Games We Want Back: Ogre Battle

When I was but a whee lad, I would play my Nintendo 64 whenever I got a chance, after school and on weekends. One day as I went to Funcoland, now Gamestop, I came across a game that sparked my interest, and till this day I still wish to have a N64 so I may play that beloved game again. Ogre Battle 64, one of the first and best RPG titles for the N64, was in my hands and waiting for me to unleash its aura on my undeveloped mind.

Many of the older gamers, who had a Playstation , Sega Saturn, Super NES, or even Super Famicom had a chance to play the Ogre Battle series. Three games were created, two games only Americans knew. The older systems had Ogre Battle: The March of the Black Queen and then Orge Battle 64: Person of Lordly Caliber for the N64.

The Ogre Battle franchise had a game play that was unique to its kind. At this time, Final Fantasy already made its mark on the gaming world, with it’s turn based fighting system. The developers of Ogre Battle, Quest, had a different approach. You had units, in which you could place up to 5 characters in each unit, pending on the size of your character, whether they be a soldier or a beast. There are two modes of game play, the world map, where you can edit your units, equip characters, and change character’s classes. The other mode is the tactical map, where strategy is key.

In the tactical map mode, units are deployed on a large scaled world map. You look like a fly on a screen. On the map are towns and villages, sometimes castles. Each one you could liberate or take over, depending on the morale of that given place. You can deploy up to several units at a time. You manage their movements, as you can control their destinations. If you want them to go far, most likely they will take the easy route and walk right on the roads that are laid in front of them. You can force them to walk up mountains, in forests and in swamps. Even though this may be an easier way to your target, the unit can get tired quicker. If the unit is tired, even a little bit, their attack strength will be diminished. The units have an ability to rest, either in towns or in tents if they can not get to a town. Towns will heal your men while tents revitalize them. Of course the game will not be fun without enemy units.

Each stage their is an enemy leader to defeat. Your job, if you choose, is to strategically find your way to the leader while avoiding as much confrontation as possible, or just wiping the floor to every enemy unit you see. At least that is good for leveling up. When enemies want to fight you, they will travel towards you. You could either try to run away or travel to them. Once you are both close enough on the map, a battle begins. Battle strength consists of where you place your unit on a 9 block, 3 tier section (a 3 X 3). Some characters are stronger in the front, like soldiers, and some are stronger in the back,  like wizards. Depending on where you put them affects the amount of attacks they have, the strength of their attack, and the combos they can give to each other, preferably spell casters. The difference between this fighting style and Final Fantasy is that you can control who you want to attack and with what move in Final Fantasy. Here, you have four options, attack the strongest, weakest, the best, and the leader. Whatever you choose that’s who they will attack. If an enemy unit’s leader is defeated, the unit, if not defeated in one battle will run away crying, not knowing what to do without a leader. You could run after them and finish them off for more experience, or you could leave them alone, but where is the fun in that? Once you defeat the enemy leader of the map, the stage is complete and you are the victor.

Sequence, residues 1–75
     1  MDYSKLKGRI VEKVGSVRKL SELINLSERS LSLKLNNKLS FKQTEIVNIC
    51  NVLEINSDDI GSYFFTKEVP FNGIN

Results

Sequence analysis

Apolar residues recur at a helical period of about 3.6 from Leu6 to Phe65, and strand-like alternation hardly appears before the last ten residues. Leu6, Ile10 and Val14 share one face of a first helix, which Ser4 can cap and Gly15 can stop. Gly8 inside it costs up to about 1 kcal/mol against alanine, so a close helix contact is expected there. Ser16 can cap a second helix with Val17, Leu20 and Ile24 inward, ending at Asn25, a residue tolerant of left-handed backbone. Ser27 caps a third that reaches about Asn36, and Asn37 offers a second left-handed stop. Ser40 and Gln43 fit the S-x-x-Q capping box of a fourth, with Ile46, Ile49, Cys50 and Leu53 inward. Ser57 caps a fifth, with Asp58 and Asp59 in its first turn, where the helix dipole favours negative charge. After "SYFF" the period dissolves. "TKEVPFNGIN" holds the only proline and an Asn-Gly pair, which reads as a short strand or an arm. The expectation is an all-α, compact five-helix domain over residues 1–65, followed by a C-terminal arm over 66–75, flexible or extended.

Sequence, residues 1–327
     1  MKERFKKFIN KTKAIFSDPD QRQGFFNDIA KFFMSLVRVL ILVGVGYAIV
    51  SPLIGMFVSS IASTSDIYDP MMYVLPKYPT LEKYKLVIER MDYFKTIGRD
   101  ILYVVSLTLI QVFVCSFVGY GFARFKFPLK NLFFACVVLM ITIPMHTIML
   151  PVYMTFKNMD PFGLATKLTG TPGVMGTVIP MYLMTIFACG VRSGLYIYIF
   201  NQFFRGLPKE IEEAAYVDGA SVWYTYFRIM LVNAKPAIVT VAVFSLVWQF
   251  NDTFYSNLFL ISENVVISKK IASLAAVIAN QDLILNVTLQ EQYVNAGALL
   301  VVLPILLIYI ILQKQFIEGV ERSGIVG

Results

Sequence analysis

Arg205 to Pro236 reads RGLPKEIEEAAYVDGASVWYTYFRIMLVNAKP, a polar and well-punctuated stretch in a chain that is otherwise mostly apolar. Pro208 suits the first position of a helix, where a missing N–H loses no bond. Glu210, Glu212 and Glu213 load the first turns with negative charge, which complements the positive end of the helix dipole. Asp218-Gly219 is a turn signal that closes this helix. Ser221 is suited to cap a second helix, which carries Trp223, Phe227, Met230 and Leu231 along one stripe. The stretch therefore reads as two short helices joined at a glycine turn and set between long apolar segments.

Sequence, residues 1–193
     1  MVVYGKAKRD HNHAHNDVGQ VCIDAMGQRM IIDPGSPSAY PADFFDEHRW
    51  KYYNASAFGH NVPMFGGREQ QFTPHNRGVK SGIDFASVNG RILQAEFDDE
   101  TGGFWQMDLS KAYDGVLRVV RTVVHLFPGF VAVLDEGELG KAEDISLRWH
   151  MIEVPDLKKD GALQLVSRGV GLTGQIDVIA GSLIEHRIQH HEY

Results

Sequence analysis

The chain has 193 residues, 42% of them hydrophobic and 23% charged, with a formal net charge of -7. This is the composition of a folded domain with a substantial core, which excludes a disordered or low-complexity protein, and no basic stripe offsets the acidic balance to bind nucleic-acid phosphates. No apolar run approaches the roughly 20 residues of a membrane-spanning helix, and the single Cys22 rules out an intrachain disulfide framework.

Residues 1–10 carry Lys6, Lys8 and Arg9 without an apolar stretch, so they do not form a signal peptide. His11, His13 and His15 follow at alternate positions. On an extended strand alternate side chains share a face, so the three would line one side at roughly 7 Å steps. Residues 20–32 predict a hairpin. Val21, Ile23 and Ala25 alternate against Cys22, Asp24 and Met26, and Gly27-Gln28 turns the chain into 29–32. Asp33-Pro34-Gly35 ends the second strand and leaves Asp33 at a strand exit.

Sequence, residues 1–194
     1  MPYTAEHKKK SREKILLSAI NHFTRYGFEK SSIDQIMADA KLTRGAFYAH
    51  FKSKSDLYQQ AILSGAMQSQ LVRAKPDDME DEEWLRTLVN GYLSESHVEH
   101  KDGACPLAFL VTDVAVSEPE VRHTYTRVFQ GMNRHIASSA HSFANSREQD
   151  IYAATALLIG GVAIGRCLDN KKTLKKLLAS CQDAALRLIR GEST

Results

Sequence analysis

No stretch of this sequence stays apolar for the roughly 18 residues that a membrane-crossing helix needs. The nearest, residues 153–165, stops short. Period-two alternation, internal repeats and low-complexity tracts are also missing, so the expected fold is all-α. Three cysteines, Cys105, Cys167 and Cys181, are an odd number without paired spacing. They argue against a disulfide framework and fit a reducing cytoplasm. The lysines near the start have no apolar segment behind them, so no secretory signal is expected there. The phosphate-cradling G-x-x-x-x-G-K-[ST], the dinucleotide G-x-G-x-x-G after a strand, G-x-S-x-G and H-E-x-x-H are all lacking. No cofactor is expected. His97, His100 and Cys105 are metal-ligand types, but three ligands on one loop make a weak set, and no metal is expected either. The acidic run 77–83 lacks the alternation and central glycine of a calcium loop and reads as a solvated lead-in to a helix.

Alignment was something new to this game. Alignment depicts how good or evil your character is. If your character is good, they can fight better in the day, but are weak against dark attacks. If your character is evil, they can fight better at night but are weak against light attacks. This is important to think about when fighting certain types of enemy units and the time of day.

Probably the best part of the game was the class mode, how I can change any of the characters I control into someone stronger. There are units you can make, like knights, wizards, witches, ninjas, angels, even vampires and werewolves, pending on the game you are playing. You can only change your character to a certain class if you have the items for that class and if they have the right stats and alignment. By liberating towns and defeat stronger enemies, your alignment goes up. By besieging towns and picking on weaker enemies, your alignment goes down. This was important if you wanted to create a stronger wizard or witch, or even a stronger knight.

Overall this game was by far one of the best games I have ever played. Sadly, whenever I ask people if they have played this game, or even heard of it, they say no or “what the hell is that”.  Many people, I have a feeling, played Ogre Battle: The March of the Black Queen, but no one besides this one kid I know, played Ogre Battle 64. The reason behind that is Atlus, one of the more interesting publishers, decided not to make that many in the U.S. Not sure of the reasons, but they screwed over a lot of people from experiencing a great RPG and RTS put together. Quest, I beg you, bring these games back! I believe you could put it on the Nintendo DSI, being that it is advanced far beyond the N64. PlayStation 3 would be nice as well.

Come on people! Who here has heard of these games, let alone played them? Tell me what you think. Should Quest bring them back?

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Brendan Ecock

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